Opinion

Are America’s At-Risk Youth Being Negatively Impacted By Daily Technology Use?

Daily digital dependence upon technology may be having a disastrous impact upon the lives of America’s at-risk youth. According to Child Development, a new Duke University study focused on daily reports of time spent using digital technologies and the number of text messages sent. It concluded that this digital dependence was associated with increased same-day attention deficit hyperactivity disorder (ADHD). Can America’s parents and educators afford to ignore the possible impact?

The new Duke University study reveals increased use of technology in adolescence is linked to attention, behavior and self-regulation problems for at-risk youth. According to the study the problem can escalate and possibly negatively impact hundreds of thousands if not millions of the nation’s youth.

The study examined 151 adolescents in order to determine if there was a relationship between mental health symptoms and the amount of time spent daily with the use of internet social media or texting. The group participants ranged from 11 to 15 in age and were monitored using their smartphones three times a day over a month. The study sample consisted of participants who were drawn from a lower socioeconomic status and were at an increased risk for mental health issues, reported the UPI.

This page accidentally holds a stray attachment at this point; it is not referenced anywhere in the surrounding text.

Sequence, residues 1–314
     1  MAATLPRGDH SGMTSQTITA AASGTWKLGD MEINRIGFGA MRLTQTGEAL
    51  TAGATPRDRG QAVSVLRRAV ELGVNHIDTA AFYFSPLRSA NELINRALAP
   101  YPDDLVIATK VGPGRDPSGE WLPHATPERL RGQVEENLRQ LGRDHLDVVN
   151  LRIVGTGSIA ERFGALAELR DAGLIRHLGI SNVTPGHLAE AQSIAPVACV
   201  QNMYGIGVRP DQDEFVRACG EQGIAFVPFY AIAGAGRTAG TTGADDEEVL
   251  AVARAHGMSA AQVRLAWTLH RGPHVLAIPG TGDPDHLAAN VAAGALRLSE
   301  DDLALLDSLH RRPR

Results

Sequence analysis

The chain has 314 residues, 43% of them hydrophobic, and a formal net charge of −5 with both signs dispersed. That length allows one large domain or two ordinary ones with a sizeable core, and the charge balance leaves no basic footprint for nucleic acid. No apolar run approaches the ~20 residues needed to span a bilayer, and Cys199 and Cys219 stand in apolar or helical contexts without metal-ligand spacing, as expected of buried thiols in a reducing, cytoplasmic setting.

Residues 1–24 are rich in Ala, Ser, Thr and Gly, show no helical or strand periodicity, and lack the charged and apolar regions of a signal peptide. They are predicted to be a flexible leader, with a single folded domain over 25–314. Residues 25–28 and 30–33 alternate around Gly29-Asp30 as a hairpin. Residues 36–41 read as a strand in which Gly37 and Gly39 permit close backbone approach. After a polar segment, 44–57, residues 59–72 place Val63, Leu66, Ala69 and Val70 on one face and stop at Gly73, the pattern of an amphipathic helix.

Parents of at-risk children may be alarmed by what the study results show. The Duke study revealed that, when at-risk adolescents used devices more, they were increasingly likely to have behavior problems such as fighting, lying, as well as attention issues. The at-risk youth also displayed attention deficit-hyperactivity disorder symptoms.

Worse yet, there was a direct correlation between the increased amount of time spent online with the increased behavior and self-regulation problems. These serious symptoms continued even 18 months later.

There was a bright spot in the study which parents of at-risk children can be heartened by. In a press release Candice Odgers, professor in Duke’s Sanford School of Public Policy, insisted that these same adolescents who experienced anxiety or depression were in fact helped by the use of digital technology. She emphasized that, “This finding makes sense when you think about how kids are commonly using devices to connect with their peers and social networks,” according to the UPI.

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